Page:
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Health care groups say lack of reciprocity aggravates nurse shortage

AVON, Ind. (WISH) — A nurse administrator on Wednesday said Indiana’s current nurse licensing regulations hamper her ability to bring new nurses onto staff.

Rachel Culpepper, the general medicine service line director at IU Health West Hospital, said Indiana’s nursing shortage forces her and her team to move nurses around to different units within the hospital to ensure they can adequately staff those spaces. In some cases, she said she has had to close beds due to lack of staff, though she has not had to do that as often recently.

“This issue is so important because it can affect our patients’ access to care,” she said. “We have lots of patients that come through our emergency departments every day and we want to care for these patients, but when we have patients waiting for an inpatient bed, that poses a different challenge to be able to get to the patients as timely as we want.”

Indiana’s nurse licensing laws have only limited reciprocity with other states. The Indiana Hospital Association, a nonprofit that serves as the professional trade association for more than 170 Hoosier hospitals, says its top legislative priority will be looser reciprocity rules to allow nurses who are licensed in other states to get their paperwork approved more quickly. The state already has a system by which unlicensed health care workers can receive an expedited, temporary license, but that program is only active as long as the federal COVID-19 emergency declaration remains in effect. Health care advocates said they want to make that system permanent. Brian Tabor, president of Indiana Hospital Association, said state officials are working on some of those issues already but it will a few years before everything is in place. He said lawmakers should give the Indiana Professional Licensing Agency the resources it needs to make those changes more quickly.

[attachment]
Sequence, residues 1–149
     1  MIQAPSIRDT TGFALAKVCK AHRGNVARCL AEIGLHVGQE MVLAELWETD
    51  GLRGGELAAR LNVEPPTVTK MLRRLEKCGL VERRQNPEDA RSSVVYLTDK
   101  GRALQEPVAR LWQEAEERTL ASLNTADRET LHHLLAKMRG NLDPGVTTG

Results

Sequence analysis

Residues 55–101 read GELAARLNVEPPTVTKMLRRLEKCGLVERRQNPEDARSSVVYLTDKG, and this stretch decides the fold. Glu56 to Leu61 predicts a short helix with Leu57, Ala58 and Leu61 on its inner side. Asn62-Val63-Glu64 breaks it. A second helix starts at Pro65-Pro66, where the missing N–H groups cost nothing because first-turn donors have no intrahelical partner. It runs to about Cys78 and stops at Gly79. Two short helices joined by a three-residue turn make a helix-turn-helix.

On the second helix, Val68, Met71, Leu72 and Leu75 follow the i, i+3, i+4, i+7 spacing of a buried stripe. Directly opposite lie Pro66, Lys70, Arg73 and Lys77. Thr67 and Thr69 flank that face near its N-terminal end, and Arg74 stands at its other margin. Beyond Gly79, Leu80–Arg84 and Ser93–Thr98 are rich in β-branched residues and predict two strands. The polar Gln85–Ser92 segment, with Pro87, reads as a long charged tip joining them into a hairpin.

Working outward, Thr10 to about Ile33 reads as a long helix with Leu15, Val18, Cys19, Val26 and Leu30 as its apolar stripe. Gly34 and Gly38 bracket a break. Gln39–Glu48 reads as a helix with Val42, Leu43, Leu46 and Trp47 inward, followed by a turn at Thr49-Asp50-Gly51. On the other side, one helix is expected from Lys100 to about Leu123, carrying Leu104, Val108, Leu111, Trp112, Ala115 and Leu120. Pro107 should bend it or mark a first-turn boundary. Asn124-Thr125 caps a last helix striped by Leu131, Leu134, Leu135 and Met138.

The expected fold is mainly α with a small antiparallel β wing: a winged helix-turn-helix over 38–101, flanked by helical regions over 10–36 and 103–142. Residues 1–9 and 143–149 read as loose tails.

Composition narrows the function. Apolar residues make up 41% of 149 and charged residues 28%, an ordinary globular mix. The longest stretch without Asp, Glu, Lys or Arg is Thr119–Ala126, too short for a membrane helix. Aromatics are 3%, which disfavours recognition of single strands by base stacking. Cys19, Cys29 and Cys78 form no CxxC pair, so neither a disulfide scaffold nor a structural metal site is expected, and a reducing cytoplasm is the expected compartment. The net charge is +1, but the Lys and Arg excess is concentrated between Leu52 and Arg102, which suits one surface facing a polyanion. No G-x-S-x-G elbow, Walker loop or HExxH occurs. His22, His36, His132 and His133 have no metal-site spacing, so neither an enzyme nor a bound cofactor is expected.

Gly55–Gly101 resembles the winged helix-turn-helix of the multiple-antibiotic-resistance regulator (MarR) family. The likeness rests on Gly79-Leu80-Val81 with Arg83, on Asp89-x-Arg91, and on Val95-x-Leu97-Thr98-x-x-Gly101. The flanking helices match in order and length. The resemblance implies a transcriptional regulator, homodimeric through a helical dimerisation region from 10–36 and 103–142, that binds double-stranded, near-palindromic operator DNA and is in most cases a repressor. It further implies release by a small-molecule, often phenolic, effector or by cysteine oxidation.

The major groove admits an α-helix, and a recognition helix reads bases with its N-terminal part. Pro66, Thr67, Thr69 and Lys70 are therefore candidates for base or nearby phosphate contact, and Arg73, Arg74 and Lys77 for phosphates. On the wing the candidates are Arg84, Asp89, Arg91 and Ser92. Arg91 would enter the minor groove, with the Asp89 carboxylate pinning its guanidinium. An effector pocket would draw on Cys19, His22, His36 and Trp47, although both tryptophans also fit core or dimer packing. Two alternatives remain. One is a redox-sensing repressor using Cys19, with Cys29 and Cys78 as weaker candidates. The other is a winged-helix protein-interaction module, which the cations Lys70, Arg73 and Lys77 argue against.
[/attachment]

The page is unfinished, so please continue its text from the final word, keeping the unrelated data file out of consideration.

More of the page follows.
“We desperately need nurses and physicians coming into Indiana from other parts of the country and the quicker we can get that individual licensed in the hospital or doctor’s office working and seeing patients, that’s what we need right now,” he said.

Culpepper said loosening the reciprocity rules won’t solve the staffing issues she faces but they will be a big help. She said IU Health recruits health care workers from around the country and the world and reducing red tape will help her work new staff into her schedules more quickly.

Tabor said he is not yet aware of any draft legislation to change the reciprocity rules. The 2023 legislative session begins Jan. 9.